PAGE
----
United States District Court, N.D. California
ORDER GRANTING DEFENDANT'S MOTION FOR PARTIAL
SUMMARY JUDGMENT RE: DKT. NO. 36
HAYWOOD S. GILLIAM, JR. United States District Judge.
moves for partial summary judgment as to the third cause of
action, which seeks statutory penalties for Defendant’s
failure to turn over requested plan documents. Dkt. No. 36.
Defendant contends the claim fails as a matter of law,
because only ERISA plan administrators are liable for these
penalties, and Defendant was not the ERISA plan administrator
under § 1002(16)(A). The Court finds this matter
suitable for resolution without oral argument, pursuant to
Civil Local Rule 7-1(b), and grants partial summary judgment
in Defendant’s favor.
STANDARD OF REVIEW
is entitled to summary judgment when “there is no
genuine dispute as to any material fact and the movement is
entitled to judgment as a matter of law.” Fed.R.Civ.P.
56(a). The party who seeks summary judgment bears the initial
responsibility of identifying an absence of a genuine issue
of material fact. Celotex Corp. v. Catrett, 477 U.S.
317, 323 (1986). If the moving party satisfies this initial
burden, the non-moving party must present specific facts
showing that there is a genuine issue for trial. Fed.R.Civ.P.
56(e); Celotex, 477 U.S. at 324. “Only
disputes over facts that might affect the outcome of the suit
under governing law” are material. Anderson v.
Liberty Lobby, Inc., 477 U.S. 242, 248 (1986). A genuine
issue exists if the nonmoving party presents evidence from
which a reasonable factfinder, viewing the evidence in the
light most favorable to that party, could resolve the
material issue in his or her favor. Id. at 248-49.
1132(c)(1) states: “Any administrator . . . who fails
or refuses to comply with a request for any information which
such administrator is required by this subchapter to furnish
to a participant or beneficiary . . . may in the
court’s discretion be personally liable to such
participant or beneficiary in the amount of up to $100 a
day.” ERISA defines a plan administrator as “(i)
the person so designated by the terms of the instrument under
which the plan is operated” and “(ii) if an
administrator is not so designated, the plan sponsor.”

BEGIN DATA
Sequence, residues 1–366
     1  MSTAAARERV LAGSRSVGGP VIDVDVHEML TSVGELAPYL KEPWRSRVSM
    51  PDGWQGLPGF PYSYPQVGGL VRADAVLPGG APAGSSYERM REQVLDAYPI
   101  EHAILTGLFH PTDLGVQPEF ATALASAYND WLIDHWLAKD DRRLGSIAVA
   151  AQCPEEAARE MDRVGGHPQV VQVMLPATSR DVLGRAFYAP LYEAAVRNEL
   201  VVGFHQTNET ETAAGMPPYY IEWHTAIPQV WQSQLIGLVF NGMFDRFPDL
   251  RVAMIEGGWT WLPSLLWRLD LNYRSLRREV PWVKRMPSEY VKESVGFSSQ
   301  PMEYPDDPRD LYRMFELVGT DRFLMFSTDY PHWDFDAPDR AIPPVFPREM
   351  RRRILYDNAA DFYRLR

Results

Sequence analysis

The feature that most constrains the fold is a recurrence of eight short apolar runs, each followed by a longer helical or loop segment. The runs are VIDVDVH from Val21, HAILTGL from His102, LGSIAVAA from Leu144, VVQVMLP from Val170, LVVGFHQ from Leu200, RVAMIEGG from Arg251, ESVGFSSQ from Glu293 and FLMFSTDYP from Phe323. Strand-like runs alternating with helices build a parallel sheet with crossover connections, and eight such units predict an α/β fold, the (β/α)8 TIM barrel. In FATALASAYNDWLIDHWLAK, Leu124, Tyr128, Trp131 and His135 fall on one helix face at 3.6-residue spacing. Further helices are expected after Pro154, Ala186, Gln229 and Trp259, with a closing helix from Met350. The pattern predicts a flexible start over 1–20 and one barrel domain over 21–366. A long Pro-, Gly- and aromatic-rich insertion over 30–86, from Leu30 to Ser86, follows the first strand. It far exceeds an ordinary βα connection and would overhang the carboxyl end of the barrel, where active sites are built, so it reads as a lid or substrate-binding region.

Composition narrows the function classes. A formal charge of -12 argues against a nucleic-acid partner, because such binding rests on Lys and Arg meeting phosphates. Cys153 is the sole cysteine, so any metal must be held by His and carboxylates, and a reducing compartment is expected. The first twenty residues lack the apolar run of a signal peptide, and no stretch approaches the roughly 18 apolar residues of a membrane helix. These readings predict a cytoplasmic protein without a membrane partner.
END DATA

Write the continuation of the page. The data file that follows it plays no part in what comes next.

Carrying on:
29 U.S.C. § 1002(16)(A). The “plan sponsor”
is “the employer in the case of an employee benefit
plan established or maintained by a single employer.”
Ninth Circuit has held that only the plan administrator can
be sued for failing to provide documents under §
1132(c)(1)(B). See Moran v. Aetna Life Ins. Co., 872
F.2d 296, 299-300 (9th Cir. 1989) (“Because Aetna was
not designated as plan administrator in the policy and is not
the plan sponsor, it is not liable under the
statute.”); see also Rodriguez v. Reliance Standard
Ins. Co., No. C 03-04189 CRB, 2004 WL 2002438, at *1
(N.D. Cal. Sept. 8, 2004) (“As Reliance was not the
plan administrator as a matter of law, plaintiff’s
claim that Reliance owes statutory penalties for failing to
provide a summary plan description fails.”);
Younkin v. Prudential Ins. Co. of Am., 288 Fed.
App’x. 344, 346 (9th Cir. 2008) (unpublished)
(“Here, the ERISA plan at issue named Washington
Corporations-not Prudential-as the ‘plan
administrator.’ The fact that Prudential makes benefit
determinations does not change this analysis”);
Gravelle v. Health Net Life Ins. Co., No. C 08-04653
MHP, 2009 WL 210450, *10 (N.D. Cal. Jan. 26, 2009)
(“Only an entity designated by the statute as an
administrator can be held liable for failure to provide plan
documents”). The Ninth Circuit takes a strict textual,
rather than functional, approach in determining the identity
of the plan administrator. Rodriguez, 2004 WL
2002438 at *1 (rejecting an argument that an entity that
acted like the administrator was de facto the plan
administrator because it did not satisfy the statutory
because Defendant was not designated as the plan
administrator as defined by § 1002(16) and because
Defendant is not the plan sponsor, Plaintiffs third cause of
action fails as a matter of law. Accordingly, the Court
GRANTS partial summary judgment as to the third cause of
 Cyr v. Reliance Standard Life Ins.
Co., 642 F.3d 1202 (9th Cir. 2011) (en banc), is
inapposite, as Cyr dealt with an ERISA section not
applicable here. Plaintiff has cited nothing to suggest that
Cyr applies to § 1132(c)(1), and the Court
declines to extend its application. See Moran, 872
F.2d at 299 (holding that “[t]he rationale and policies
articulated by the [Supreme Court] require us to limit
liability under 1132(c) to the targets expressly identified
by Congress in section 1002(16)”).
 Plaintiff argues that
Defendant’s motion is inappropriate in light of the
parties’ stipulation to resolve the remaining ERISA
claims through Rule 52 motions, see Dkt. No. 32.
Although Plaintiff correctly characterizes the stipulation,
this is not a basis for the Court to decline to rule on this
motion. Plaintiff has raised the very same arguments in its
Rule 52 ...